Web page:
If you decide to use hard-coded credentials to login a user within your code, then you should ensure that they're logged out before you exit (as described in to logon or not to logon), and wrap functions which you call in try / catch blocks so that you can catch any exceptions. Otherwise the logged-in state will persist through the session cookie.

Ajax Plugin code

This section contains the full source code for the ajax plugin. You can write the plugin manually by copying the code below, or you can download the zip file from Download Ajax Plugin GetExtensionTotals. If you're writing it manually then include the following files in a folder eg plg_ajax_jobs.

Install the zip file and enable the plugin. Then enter the URL (replacing with your domain):

This should then display the number of each different type of extension on your Joomla instance.

Unfortunately it's not possible to create a nice SEF URL for com_ajax URLs. If you really want an easy-to-use URL then you would have to configure some rewrite rules in your web server.

Manifest file

A standard manifest file for a plugin:

<?xml version="1.0" encoding="utf-8"?>
<extension method="upgrade" type="plugin" group="ajax">
<name>Ajax Jobs</name>
<description>Example ajax plugin for ad hoc jobs</description>
<namespace path="src">My\Plugin\Ajax\AjaxJobs</namespace>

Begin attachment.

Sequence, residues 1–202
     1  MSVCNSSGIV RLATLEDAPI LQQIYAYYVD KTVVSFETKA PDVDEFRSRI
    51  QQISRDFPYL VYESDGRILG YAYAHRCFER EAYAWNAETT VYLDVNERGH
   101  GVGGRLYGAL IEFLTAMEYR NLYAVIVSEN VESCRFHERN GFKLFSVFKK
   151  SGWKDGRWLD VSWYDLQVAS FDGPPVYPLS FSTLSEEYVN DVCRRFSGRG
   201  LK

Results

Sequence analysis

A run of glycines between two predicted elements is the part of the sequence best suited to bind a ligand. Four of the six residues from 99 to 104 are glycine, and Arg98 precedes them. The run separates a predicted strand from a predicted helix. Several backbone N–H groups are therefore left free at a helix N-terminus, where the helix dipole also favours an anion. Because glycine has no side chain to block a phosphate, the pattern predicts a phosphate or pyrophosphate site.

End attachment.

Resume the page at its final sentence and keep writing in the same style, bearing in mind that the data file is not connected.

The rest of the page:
<folder plugin="jobs">services</folder>

Service Provider file

A standard service provider file for instantiating a plugin via the dependency injection container:


use Joomla\CMS\Extension\PluginInterface;
use Joomla\CMS\Factory;
use Joomla\CMS\Plugin\PluginHelper;
use Joomla\DI\Container;
use Joomla\DI\ServiceProviderInterface;
use Joomla\Event\DispatcherInterface;
use My\Plugin\Ajax\AjaxJobs\Extension\Jobs;

return new class() implements ServiceProviderInterface
public function register(Container $container)
function (Container $container) {

$config = (array) PluginHelper::getPlugin('ajax', 'jobs');
$subject = $container->get(DispatcherInterface::class);
$app = Factory::getApplication();

$plugin = new Jobs($subject, $config);

return $plugin;

Jobs file

This is where you write your code for your ad hoc jobs. The result is returned as described in Joomla 4 and 5 Changes.

namespace My\Plugin\Ajax\AjaxJobs\Extension;

// no direct access
defined('_JEXEC') or die;

use Joomla\CMS\Plugin\CMSPlugin;
use Joomla\Event\Event;
use Joomla\Event\SubscriberInterface;
use Joomla\CMS\Factory;
use Joomla\CMS\Event\Result\ResultAwareInterface;
use Joomla\Database\DatabaseInterface;

class Jobs extends CMSPlugin implements SubscriberInterface
public static function getSubscribedEvents(): array
return [
'onAjaxGetExtensionTotals' => 'onAjaxGetExtensionTotals',

public function onAjaxGetExtensionTotals(Event $event)
$db = Factory::getContainer()->get(DatabaseInterface::class);

$query = $db->getQuery(true)
->select('type, count(*) as count')

$counts = $db->loadAssocList('type', 'count');
$output = "";
foreach ($counts as $extension => $count) {
$output .= "{$extension}:{$count}<br>";

if ($event instanceof ResultAwareInterface) {
} else {
$result = $event->getArgument('result') ?? [];
$result[] = $output;
$event->setArgument('result', $result);